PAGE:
The Missing Link Part Two
Lebanese auteur Christian Ghazzi's 1972 film 100 faces in a single day is the fulcrum on which Marwa Arsanios' ongoing project for Ibraaz turns. Following on from Arsanios and curator Cecilia Andersson's Missing Link, for which they interviewed Lebanese filmmaker Ghassan Salhab and actors from the film about the elusive Ghazzi and the importance of the film to the archive of Lebanese cinema, The Missing Link Part Two features interviews conducted by Arsanios with filmmakers Mohamed Souied and Nadim Tabet. Delving deeper into the conditions of avant-garde film production in Lebanon and the wider MENA in the 1970s, The Missing Link Part Two explores Lebanese cinema's ties to French cinema, Ghazzi's influence on Soueid and Tabet's filmmaking practices, and the sense of nostalgia they feel in relation to the strength of political conviction conveyed in 100 faces in a single day.
THE MISSING LINK PART TWO
This is the second part of my research into Christian Ghazzi's film 100 faces in a single day. It was very insightful, especially because it branched out to encompass the history of Beirut's film production since the early 1970s. In fact, talking to Mohamed Soueid was revelatory: from Christian Ghazzi's film, Mohamed led me into the interweaving political and economic conditions of production that were set in Beirut in the 70s, and I followed. He is a filmmaker, writer and historian.
Then, a day later, I met with Nadim Tabet, a young filmmaker and one of the founders of the Né à beyrouth film festival, which he inaugurated in 2001 along with Pierre Sarraf. It was at last summer's edition that I first discovered Christian's film. Actually, I discovered many films through this festival. I remember seeing Jocelyn Saab's 1975 documentary Le liban dans la tourmente (English title, Lebanon in a whirlwind) as well as Maroun Baghdadi's Beirut oh Beirut from the same year.
At that time, they were still using the French Cultural Center on the main Damascus Road as a venue. Perhaps all three of us (Mohamed, Nadim and I) could say we had a longing for the strongly-held beliefs conveyed in Ghazzi's film. Of course, it belongs to its time but it is also capable of moving us still.
There are still many other people to talk to; filmmaker Rania Rafei and actor Jalal el Khoury, who plays a bourgeois in the film, among others. But I guess I will need a Missing Link Three for that.
CONVERSATION WITH MOHAMED SOUEID
I finally met with Mohamed in a café in Hamra. Bread Republic. He is a great storyteller, and it is fascinating listening to him delving into the various histories, interweaving the personal and the political, all the while describing Christian Ghazzi, the man, and how he came to make his film.
I had already seen him presenting in front of a big audience at the Home Works forum last year. He is quite an astonishing orator! I had also watched most of his films. There is always love in them; love for the actors (who could be friends, close friends or just acquaintances), love for the setting, love for the dead, love for storytelling, love for the image, for the movie theatre and for writing.
Love and knowledge, in Mohamed's work, are always linked.
In a post-1990s Beirut, Mohamed dealt with the ruins of an exhausted city, the bankruptcy of ideology, which he once espoused, and a world in pieces, which he tried to pull together and understand in his films. What happened to us? What happened to all that we believed in?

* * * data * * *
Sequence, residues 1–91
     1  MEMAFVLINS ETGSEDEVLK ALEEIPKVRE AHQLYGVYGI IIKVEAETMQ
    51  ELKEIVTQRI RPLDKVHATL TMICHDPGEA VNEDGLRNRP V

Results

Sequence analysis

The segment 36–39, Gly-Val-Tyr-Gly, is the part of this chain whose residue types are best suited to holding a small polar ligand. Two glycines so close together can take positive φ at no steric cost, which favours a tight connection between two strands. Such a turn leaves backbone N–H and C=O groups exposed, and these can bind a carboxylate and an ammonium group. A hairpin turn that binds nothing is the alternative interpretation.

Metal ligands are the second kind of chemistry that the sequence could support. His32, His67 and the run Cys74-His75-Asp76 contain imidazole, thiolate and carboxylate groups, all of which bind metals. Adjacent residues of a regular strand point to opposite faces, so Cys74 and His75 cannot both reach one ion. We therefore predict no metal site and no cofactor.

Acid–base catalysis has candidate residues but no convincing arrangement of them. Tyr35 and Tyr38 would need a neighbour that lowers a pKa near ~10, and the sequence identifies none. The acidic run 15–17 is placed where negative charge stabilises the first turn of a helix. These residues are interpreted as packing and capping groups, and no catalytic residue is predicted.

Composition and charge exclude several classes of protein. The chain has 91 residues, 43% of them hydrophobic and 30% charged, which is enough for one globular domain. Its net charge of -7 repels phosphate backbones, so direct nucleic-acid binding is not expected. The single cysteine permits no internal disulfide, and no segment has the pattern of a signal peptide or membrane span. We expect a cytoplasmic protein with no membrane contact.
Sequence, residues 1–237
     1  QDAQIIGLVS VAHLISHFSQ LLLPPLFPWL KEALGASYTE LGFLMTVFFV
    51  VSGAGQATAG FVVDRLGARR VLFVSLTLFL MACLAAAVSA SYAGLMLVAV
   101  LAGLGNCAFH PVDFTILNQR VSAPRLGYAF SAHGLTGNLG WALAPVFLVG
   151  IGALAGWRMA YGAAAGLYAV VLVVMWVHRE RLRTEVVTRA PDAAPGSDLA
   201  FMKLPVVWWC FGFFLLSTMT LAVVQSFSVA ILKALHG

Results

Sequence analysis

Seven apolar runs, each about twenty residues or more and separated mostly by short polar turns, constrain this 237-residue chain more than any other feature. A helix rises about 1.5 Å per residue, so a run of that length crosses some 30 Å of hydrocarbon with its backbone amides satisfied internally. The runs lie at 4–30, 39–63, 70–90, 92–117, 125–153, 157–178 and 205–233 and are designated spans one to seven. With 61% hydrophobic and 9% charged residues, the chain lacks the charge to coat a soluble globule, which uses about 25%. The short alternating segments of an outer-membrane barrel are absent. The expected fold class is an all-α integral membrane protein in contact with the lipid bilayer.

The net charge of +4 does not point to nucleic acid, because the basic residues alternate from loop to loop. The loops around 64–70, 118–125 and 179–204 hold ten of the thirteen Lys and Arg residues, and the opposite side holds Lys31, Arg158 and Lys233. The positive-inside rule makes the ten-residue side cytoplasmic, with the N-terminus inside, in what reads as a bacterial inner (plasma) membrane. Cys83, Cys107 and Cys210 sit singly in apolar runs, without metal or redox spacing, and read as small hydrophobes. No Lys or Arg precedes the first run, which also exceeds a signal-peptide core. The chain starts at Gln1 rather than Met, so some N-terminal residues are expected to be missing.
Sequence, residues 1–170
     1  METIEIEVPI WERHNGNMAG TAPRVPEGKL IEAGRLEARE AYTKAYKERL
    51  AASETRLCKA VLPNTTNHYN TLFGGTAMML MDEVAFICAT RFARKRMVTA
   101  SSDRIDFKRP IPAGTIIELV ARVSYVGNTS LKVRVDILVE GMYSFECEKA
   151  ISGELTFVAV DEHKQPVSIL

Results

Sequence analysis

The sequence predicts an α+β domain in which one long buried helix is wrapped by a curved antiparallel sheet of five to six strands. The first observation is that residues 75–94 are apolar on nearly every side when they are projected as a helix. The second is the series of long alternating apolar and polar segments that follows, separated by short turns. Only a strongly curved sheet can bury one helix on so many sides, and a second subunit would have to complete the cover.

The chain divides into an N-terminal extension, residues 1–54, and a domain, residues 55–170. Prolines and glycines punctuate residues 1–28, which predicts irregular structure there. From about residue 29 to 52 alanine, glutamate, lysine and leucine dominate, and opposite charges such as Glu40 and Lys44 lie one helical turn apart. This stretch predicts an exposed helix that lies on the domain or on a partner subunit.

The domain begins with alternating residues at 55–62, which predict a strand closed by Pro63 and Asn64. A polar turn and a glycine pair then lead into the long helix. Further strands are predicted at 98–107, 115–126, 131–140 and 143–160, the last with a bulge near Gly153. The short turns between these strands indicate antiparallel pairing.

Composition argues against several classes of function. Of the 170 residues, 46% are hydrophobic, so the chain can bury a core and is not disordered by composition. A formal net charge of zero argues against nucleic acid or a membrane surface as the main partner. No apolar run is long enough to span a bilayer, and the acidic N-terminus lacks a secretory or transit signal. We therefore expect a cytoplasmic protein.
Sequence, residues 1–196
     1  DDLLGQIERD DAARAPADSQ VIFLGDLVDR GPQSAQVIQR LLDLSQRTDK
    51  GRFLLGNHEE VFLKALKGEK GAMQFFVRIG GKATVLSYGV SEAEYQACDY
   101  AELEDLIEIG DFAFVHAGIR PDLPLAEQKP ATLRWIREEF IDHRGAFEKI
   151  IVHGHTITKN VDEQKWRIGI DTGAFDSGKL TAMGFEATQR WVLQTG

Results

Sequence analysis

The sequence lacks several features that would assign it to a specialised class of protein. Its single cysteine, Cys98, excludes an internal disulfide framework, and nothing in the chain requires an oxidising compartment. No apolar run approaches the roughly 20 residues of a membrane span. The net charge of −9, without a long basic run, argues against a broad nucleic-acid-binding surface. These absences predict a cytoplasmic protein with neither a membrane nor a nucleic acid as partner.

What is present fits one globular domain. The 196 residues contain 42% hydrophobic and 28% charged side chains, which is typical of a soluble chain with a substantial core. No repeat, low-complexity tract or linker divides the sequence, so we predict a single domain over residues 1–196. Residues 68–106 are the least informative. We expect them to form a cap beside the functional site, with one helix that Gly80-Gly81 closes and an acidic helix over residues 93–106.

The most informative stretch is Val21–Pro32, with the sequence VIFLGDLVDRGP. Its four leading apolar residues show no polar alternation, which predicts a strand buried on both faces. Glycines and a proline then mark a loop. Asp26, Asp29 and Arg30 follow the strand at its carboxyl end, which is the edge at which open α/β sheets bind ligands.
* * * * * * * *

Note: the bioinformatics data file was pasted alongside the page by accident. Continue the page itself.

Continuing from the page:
Marwa Arsanios: You were telling me that Christian's story is a bit complicated?
Mohamed Soueid: I used to hear about him. He started being famous at a time known as the 'golden period' for the arts in Lebanon and other Arab states in general. There was a new movement at that time known as 'The current of alternative cinema' and it was pronounced in a decree in Damascus during the festival for young filmmakers in 1972. They made a statement opposing the industry of commercial cinema in favour of a new alternative cinema.
It was not the first attempt to oppose commercial cinema. Before this decree, there was a group called 'The New Cinema', who came out of Egypt in 1962. But their artistic value was somehow lost in the political discourse. They formed in retaliation to the 1967 defeat, and there is also the idea that defeated nations are defeated along with their cultures and that corrupted regimes produce a corrupted cinema. Their main problem was with Egyptian cinema representing a commercial cinema.
I think that Christian's value, at that time, was dismissed and lost in the collectivity of the group. The value of the individual was not as important in relation to the value of the group, as they were all standing behind one single discourse and ideology.
When Ghazzi made 100 faces in a single day, it was something of a golden age for Arab cinema. In that same period, there was Kafr kasem, a film by Lebanese filmmaker Borhan Alawiyeh; from Palestine, Ghaleb Chaath's Al zilal fi el janeb el akhar (in English, The shadows on the other side, 1973); from Egypt, Oghniya ala al mammal (in English, A Song on the Passage, 1972) by Ali Abdel Khalek; and Iraq-born Kais el Zoubeidy also made an adaptation of a book by Hanna Mina.
One could only see these movies in festivals, as they weren't shown in cinemas. I had the chance to see some of them in a cinema in old downtown Beirut, in the Nadi Cinema'e Arabi. But I discovered Christian's film later. I saw it after I began making movies. I loved it more, because I felt that the issues I was working on had already been explored by somebody else, and it was as if a stranger were now part of my life. I liked it all the more for that.
In most of the interviews with him, he talked about politics. But in Rami Sabbagh's documentary, he was talking about something personal. And you could see his fatigue. When you see him, you see that he is a broken man. He is an accumulation of scars and the death of Madonna Ghazzi (his wife) was one of those scars.